The Tastes of Home

July 2015 Prof. Silmarien Szilagyi

For the final EuroEats article, we're traveling to Hungary, where paprika and pörkölt reign supreme. It's a land of cabbage and pickles and potatoes and pork. It's home.


Because so much of Hungarian cuisine relies on this bright, red spice, it's only fitting that we begin with it. Hungary cannot claim to have discovered paprika's culinary benefits, but it can claim it as a foodie name-to-fame.

Paprika is a dried and ground spice from the chilies of the Capsicum annum pepper species. It is indigenous to the New World (i.e. to North and South America), so Hungarians had to wait until the early 16th century to sample this new flavor. And once they did, they never looked back. Modern Hungarians sprinkle it liberally into soups, stews, sauces, meat mixtures, marinades, and even salads, so it truly is a staple ingredient.

Kovászos Uborka

Translated as "leavened pickles", kovászos uborka is made differently than other pickles. Vinegar is omitted, and the cucumbers are instead placed into a jar with dill, garlic, water, and salt. One or two slices of bread are stacked on the bottom and top of the mixture, and the jar is left to sit in the sun for a few days to allow the yeast in the bread to speed up the fermentation process. After the bread slices are removed, one gets pickles that are (ideally) salty but not overly so, with a unique tang that vinegar simply cannot give.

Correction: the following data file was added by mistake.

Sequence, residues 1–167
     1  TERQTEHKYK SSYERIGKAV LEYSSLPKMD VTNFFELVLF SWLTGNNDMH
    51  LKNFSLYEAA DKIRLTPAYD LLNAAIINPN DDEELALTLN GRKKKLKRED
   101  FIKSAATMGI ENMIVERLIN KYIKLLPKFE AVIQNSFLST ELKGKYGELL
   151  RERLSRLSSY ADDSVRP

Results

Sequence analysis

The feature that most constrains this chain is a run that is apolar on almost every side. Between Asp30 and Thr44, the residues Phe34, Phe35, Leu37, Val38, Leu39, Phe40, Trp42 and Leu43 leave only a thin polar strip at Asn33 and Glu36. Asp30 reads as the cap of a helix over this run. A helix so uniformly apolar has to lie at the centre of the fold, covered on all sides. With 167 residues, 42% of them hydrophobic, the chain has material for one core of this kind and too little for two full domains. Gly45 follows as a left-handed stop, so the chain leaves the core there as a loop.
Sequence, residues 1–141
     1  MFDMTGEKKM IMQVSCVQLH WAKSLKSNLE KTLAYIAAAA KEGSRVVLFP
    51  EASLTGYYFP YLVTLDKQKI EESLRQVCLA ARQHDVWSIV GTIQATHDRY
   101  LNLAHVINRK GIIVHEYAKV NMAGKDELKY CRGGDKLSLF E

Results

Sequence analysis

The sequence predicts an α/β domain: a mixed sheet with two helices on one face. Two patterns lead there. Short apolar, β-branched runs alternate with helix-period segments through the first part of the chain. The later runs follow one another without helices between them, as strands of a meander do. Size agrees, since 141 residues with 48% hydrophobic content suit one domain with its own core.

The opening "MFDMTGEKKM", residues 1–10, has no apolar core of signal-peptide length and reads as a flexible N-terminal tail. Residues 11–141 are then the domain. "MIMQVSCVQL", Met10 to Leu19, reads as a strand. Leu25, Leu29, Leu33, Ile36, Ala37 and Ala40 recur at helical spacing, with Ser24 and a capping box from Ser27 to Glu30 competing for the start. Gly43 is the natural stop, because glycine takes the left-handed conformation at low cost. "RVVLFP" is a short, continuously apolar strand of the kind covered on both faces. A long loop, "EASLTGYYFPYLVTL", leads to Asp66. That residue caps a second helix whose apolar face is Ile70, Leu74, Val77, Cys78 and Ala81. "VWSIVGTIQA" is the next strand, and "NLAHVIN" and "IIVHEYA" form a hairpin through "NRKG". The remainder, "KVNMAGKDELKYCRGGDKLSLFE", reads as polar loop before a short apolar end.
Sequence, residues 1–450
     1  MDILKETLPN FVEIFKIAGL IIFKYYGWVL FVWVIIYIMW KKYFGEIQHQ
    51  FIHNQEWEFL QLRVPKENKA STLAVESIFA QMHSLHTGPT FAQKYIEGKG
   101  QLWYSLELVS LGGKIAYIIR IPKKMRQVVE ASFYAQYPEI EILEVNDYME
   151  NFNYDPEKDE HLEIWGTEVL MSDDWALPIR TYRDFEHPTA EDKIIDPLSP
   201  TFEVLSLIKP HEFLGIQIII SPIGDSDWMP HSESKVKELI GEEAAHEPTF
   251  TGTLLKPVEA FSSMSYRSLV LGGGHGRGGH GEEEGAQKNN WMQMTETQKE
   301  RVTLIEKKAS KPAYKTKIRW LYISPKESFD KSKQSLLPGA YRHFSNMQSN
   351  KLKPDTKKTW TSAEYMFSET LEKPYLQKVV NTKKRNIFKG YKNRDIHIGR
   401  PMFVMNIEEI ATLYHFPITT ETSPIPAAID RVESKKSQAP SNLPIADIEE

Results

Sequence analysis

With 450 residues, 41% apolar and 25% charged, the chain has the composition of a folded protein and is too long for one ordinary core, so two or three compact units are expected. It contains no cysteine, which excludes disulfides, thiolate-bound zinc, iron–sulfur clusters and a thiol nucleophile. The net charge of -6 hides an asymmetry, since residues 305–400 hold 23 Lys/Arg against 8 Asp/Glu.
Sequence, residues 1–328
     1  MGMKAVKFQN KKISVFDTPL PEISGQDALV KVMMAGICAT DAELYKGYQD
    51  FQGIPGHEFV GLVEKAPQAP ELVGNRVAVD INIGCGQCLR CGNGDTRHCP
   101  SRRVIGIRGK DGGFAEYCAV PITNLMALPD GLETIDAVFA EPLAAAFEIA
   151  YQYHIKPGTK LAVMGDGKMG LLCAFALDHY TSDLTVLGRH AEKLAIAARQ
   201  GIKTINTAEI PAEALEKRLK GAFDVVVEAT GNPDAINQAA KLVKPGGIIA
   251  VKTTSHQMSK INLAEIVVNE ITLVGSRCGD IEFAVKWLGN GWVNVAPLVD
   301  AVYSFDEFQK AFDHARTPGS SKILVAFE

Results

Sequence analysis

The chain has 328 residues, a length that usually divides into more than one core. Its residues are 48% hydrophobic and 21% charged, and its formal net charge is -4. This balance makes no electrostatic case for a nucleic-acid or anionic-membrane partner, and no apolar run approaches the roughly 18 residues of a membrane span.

Hungarians eat these pickles (and other pickled vegetables) as accompaniments to their meat-based dishes.


This simple yet delicious food consists of fried, yeasty dough, topped with just about anything you can imagine. Garlic, cheese, and sour cream are the accouterments that Hungarians tend to choose, and I usually get mine plain with just salt, or with a Hungarian cheese called trappista shredded on top. If you're more of a sweet-tooth, however, never fear, for you can have honey and cinnamon, sugared nuts, fruit, or even Nutella on your lángos.

Honestly, lángos is one of the things I miss most about Hungary.


Salami, perhaps the most famous cold cut of all. One cannot write about Hungarian cuisine without mentioning salami. It is a staple in every Hungarian's diet, usually eaten on bread for breakfast and/or supper, with fresh vegetables (tomatoes, onions, peppers, or cucumbers) and maybe a cheese or two.